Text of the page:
Osteria Dell Anima
We’d spotted this on our wanderings as well, and put it on the list to visit purely for the veal in truffle sauce (I do love how restaurants in Europe display their menus outside so you can make sure there’s something you want before you’re seated at a table). We arrived fairly late, and the restaurant was empty, but we were assured they were very much open and very much still serving. The lack of atmosphere and surly attitude of the staff, along with the fact I was trying to order a replacement oven online because our builder at home, in the final phases of work pre-Christmas, had told me by text that I wouldn’t have an oven for Christmas Day (we were hosting both Christmas and Boxing Day dinners!) made for quite a strange dining experience, but the meal itself was incredible. Truffle sauce – yowsers!

Clemente Alla Maddalena
Situated in one of Rome’s many piazzas, we stopped here for lunch on my birthday. Undeterred by winter, the restaurant had placed the outdoor terrace undercover and supplied blankets and patio heaters which added to the lovely atmosphere (I’m a big advocate of sitting outside whenever possible). We drank rose wine under the fairy lights and ate spaghetti bolognese (small portion, but very very tasty) and I decided that being 40 wasn’t so bad after all.

Cantina e Cucina
The husband had researched my birthday meal and found a lovely restaurant but, when we arrived, they had a private party on and weren’t catering for anyone else. He was understandably gutted, but I suggested we head back down the road to Cantina e Cucina which I’d read very good reviews of on TripAdvisor. The restaurant was lovely; very rustic Italian with checked table cloths, candles in wine bottles and herbs hanging from the ceiling. So welcoming and cosy with very friendly staff.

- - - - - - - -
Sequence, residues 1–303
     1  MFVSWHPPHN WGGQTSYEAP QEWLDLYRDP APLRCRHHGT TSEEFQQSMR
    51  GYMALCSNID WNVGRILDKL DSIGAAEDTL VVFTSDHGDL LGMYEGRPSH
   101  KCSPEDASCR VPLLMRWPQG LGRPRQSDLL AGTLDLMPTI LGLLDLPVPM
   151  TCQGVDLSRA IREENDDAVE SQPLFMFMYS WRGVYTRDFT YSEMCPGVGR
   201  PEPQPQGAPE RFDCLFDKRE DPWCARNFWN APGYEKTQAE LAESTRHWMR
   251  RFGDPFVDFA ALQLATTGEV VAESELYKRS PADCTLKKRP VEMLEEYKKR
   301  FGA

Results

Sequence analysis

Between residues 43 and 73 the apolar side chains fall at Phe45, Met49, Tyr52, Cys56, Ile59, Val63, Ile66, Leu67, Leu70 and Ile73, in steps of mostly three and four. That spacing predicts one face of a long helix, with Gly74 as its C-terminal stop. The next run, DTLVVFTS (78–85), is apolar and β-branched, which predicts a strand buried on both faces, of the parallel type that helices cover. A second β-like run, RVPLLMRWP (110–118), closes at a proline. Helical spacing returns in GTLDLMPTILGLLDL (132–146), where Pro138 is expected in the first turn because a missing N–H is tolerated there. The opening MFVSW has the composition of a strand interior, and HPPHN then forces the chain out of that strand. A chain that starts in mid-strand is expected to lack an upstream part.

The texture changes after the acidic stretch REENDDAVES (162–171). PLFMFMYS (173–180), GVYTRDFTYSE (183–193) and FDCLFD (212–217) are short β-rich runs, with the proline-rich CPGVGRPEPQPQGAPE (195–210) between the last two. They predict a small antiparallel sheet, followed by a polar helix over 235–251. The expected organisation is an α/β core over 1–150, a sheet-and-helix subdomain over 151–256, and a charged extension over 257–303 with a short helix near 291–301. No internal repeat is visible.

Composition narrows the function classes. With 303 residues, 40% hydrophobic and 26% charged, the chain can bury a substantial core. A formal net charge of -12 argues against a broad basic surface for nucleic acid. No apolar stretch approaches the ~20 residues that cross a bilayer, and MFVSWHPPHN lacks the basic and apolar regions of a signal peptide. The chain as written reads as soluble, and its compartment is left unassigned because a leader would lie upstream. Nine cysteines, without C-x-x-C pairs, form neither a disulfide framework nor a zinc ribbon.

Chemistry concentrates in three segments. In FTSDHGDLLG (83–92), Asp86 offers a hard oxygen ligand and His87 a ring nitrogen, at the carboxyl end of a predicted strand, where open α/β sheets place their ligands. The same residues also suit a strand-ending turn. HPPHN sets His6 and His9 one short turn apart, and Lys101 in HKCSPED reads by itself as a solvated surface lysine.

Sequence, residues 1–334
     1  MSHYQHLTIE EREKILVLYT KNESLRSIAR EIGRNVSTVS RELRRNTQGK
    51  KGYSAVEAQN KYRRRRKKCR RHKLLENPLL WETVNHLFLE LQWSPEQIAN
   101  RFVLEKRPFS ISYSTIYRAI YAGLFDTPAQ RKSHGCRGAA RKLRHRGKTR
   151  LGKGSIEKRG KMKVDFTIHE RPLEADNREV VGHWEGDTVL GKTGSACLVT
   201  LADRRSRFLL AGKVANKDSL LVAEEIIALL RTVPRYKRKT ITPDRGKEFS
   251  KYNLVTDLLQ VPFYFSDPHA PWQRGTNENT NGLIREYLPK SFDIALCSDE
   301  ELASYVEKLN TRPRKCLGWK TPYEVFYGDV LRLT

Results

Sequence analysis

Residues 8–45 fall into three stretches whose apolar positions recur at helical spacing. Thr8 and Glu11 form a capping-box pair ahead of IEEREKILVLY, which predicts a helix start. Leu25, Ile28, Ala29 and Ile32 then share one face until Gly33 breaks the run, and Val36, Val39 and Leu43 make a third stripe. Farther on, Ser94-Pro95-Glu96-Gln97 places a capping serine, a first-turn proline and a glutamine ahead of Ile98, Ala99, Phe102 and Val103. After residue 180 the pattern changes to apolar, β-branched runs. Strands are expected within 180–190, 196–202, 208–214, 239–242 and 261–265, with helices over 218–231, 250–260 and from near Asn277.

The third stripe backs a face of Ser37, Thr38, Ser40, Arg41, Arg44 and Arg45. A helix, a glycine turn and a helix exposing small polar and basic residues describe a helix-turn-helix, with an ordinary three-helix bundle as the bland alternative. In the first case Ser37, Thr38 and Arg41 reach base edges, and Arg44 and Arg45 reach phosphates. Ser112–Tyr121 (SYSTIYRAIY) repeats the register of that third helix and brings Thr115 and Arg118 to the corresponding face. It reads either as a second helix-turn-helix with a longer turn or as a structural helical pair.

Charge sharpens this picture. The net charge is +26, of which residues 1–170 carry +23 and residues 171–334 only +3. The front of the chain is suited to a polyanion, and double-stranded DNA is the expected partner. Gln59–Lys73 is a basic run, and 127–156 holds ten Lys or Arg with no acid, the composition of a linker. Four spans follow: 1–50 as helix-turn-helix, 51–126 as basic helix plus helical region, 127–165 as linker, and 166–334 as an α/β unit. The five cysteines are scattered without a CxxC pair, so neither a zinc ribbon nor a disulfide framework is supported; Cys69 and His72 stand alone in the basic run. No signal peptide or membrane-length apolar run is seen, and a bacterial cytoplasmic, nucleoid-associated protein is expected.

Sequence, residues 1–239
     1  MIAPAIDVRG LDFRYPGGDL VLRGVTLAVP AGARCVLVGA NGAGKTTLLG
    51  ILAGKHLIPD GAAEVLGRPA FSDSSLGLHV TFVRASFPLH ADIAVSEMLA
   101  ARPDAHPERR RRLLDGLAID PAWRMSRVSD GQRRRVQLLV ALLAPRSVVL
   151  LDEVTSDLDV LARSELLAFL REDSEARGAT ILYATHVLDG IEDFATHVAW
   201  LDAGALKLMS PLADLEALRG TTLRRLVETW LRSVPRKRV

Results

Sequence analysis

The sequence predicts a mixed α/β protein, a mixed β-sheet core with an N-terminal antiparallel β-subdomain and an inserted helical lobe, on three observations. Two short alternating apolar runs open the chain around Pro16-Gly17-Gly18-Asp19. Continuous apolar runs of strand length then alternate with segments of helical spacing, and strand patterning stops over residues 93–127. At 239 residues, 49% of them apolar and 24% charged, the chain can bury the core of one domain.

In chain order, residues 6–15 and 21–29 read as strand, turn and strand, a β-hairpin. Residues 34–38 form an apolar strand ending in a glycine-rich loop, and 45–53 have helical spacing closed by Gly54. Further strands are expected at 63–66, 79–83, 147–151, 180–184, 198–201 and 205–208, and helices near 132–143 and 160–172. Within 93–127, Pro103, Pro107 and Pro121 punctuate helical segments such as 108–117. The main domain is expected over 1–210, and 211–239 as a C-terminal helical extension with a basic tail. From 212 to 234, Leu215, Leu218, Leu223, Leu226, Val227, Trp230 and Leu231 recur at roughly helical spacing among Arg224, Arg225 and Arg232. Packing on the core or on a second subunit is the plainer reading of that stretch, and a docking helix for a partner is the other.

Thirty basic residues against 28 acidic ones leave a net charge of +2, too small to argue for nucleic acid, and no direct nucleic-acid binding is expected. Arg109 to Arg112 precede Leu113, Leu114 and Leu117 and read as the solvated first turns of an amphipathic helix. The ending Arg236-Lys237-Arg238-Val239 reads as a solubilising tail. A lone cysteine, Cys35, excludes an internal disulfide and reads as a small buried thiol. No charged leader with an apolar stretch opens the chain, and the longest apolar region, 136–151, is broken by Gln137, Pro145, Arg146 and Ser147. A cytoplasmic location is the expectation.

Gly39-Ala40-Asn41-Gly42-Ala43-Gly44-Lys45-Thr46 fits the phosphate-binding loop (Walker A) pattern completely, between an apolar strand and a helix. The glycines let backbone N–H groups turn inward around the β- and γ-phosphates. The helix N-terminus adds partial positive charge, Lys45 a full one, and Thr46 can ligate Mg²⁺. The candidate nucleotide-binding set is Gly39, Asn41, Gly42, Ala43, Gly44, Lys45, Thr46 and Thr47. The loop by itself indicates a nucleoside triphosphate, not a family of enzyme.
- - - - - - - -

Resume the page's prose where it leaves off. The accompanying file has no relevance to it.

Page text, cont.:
To start I had deep fried artichoke, which is a Roman speciality,  and the husband had the biggest bucket of calamari – we couldn’t actually finish it all. We both had  veal saltimboca for main. It was all ok, just not what I expected (my fault for ordering off piste) but the wonderful atmosphere, and the candlelight, and the chianti made everything amazing anyway, even if the food wasn’t the star of the show. Oh and I got a tiramisu with a sparkling candle and the waiter sang Happy Birthday; what’s not to like?!

Napoletano’s
Taken as I was with the Pantheon, along with it’s proximity to our hotel, it made sense that our last lunch of the holiday would be eaten at one of the restaurants facing the magnificent building before our car for the airport arrived. We settled on Napoletano’s for it’s perfect positioning, outdoor tables and a very welcoming waiter. Even though it was barely lunchtime (about 11.50am!) I was determined to finish the holiday with a lasagne and…you guessed it…more chianti!

 

And it was magnificent. Really rich sauce and perfectly al dente pasta. The sun was shining, the skies were blue, a busker was playing songs that filled the piazza, and we both swore that we would be back again to this most fabulous city.

I feel kind of sad that I won’t be blogging about Rome any more in the near future, but I had a wonderful 4 days there and I’ve been reliving it for almost 5 months through these posts so…until next time…

If you missed any of my previous posts about Rome, click the links below:

A trip to Rome (aka the holiday that almost never was)

Day 2 in Rome – Vatican Museums and St Peters Basilica

Day 3 in Rome – The Colosseum and Roman Forum

Rome’s hidden treasures – Trevi Fountain, the Pantheon and the Spanish Steps

Thanks, as always, for reading! x